Vacuum-assisted closure device may be beneficial in penile skin graft reconstruction

NewsGuard 100/100 Score

Skin defects of the penile shaft pose a significant reconstructive problem.

The split-thickness skin graft (STSG) has been the mainstay for penile skin coverage. The application of large and circumferential skin grafts and skin grafts on concealed penises in obese individuals has been technically difficult with the use of conventional bolsters for many surgeons. The main reason for graft failure has been graft shearing and movement and fluid accumulation under the graft. To alleviate these problems, Alex Senshenov, Ajay Nehra and colleagues from the Mayo Clinic in Rochester, Minnesota have been using a modification of the vacuum-assisted closure device (VAC). Their experiences using this device are reported in a recent review in the February 2006 issue of Urology.

In the report, two cases of penile reconstruction for penile skin loss are used to demonstrate the use of the modified VAC. In the first case, a 31 year-old male underwent injection of a silicone-type substance into the subcutaneous tissues of the penis for the purpose of penile augmentation. A non-physician had performed this procedure 5 months prior to referral. The implant was complicated by draining sinuses and systemic symptoms of fever and malaise which required full-thickness debridement of the skin of the entire shaft as well as a 1-in. radius of skin of his pubic area and upper scrotum. Local tissue transfer was used to close the pubic and scrotal regions and a thick (0.020-in.) STSG which was meshed 1:1.5 was used to cover the penis. To secure the skin graft, 5-0 chromic sutures were used in addition to a scaffold of VAC GranuFoam constructed on wooden tongue depressors to provide support. The penis was sandwiched on stretch within this scaffold and placed to suction and left this way for 5 days while the patient was on strict bed rest. At 5 days, the VAC and the Foley were removed, a dressing of xeroform was placed, and the patient was discharged home. Outpatient follow-up at 8 weeks showed complete graft take and excellent cosmetic and functional results.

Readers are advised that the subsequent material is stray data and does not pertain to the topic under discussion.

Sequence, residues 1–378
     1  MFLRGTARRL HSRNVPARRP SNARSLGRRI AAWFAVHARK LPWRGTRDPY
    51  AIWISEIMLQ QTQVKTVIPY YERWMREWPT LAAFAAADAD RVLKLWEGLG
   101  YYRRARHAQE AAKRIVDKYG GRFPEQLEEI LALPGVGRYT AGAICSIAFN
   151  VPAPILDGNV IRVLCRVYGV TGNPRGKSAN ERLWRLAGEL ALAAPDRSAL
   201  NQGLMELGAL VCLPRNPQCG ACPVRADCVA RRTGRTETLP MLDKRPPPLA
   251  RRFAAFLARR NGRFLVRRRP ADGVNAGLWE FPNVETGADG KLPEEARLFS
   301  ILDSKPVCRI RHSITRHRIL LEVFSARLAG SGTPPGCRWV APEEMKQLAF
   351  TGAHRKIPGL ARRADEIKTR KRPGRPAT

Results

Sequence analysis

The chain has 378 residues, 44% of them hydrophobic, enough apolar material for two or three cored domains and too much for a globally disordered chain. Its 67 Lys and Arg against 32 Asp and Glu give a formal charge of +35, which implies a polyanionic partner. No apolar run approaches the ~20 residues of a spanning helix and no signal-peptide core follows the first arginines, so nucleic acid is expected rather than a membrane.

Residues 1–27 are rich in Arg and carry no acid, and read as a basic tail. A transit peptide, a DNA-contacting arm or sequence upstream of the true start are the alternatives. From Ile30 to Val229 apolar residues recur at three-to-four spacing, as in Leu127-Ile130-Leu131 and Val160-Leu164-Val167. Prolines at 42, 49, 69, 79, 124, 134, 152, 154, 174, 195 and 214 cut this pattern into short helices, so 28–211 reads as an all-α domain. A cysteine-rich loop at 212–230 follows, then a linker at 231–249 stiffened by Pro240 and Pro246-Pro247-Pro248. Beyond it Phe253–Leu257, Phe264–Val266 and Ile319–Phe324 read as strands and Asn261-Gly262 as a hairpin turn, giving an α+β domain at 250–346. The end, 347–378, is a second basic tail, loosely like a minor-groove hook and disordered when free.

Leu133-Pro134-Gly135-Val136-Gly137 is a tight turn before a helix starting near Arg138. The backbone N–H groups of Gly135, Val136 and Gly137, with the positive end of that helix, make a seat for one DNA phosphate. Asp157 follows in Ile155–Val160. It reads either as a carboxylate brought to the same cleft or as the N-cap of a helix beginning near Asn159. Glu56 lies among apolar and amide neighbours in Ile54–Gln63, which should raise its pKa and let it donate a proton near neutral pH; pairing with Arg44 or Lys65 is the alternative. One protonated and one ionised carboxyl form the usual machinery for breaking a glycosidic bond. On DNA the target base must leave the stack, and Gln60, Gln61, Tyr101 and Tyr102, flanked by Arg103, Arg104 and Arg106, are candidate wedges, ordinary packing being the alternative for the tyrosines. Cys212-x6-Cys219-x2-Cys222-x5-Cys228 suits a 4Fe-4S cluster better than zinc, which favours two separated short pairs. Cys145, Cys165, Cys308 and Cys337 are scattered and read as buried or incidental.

The second case utilized the VAC on a patient who had undergone excessive debridement for superficial squamous cell carcinoma and who also suffered from a concealed penis from suprapubic and overall obesity. A 5 x 6 cm defect was left on the ventral penile shaft which was covered again with a thick STSG and the VAC was employed. The patient had excellent graft take and good cosmetic and functional results 6 weeks after grafting.

The authors describe a novel use for the VAC device that has been utilized in general surgery for open abdomens and to aid in wound healing and for skin defect closure. The modification of the scaffold within the foam mimics the classic description of the "House dressing" described by McAninch to help in the immobilization of penile skin grafts. Early results are encouraging.

By Michael J. Metro, MD


Urology. 2006 Feb; 67(2):416-19

Senchenkov A, Knoetgen J, Chrouser KL, Nehra A

UroToday - the only urology website with original content written by global urology key opinion leaders actively engaged in clinical practice.


The opinions expressed here are the views of the writer and do not necessarily reflect the views and opinions of News Medical.
Post a new comment

While we only use edited and approved content for Azthena answers, it may on occasions provide incorrect responses. Please confirm any data provided with the related suppliers or authors. We do not provide medical advice, if you search for medical information you must always consult a medical professional before acting on any information provided.

Your questions, but not your email details will be shared with OpenAI and retained for 30 days in accordance with their privacy principles.

Please do not ask questions that use sensitive or confidential information.

Read the full Terms & Conditions.

You might also like...
Study reveals significant link between rosacea and malignant melanoma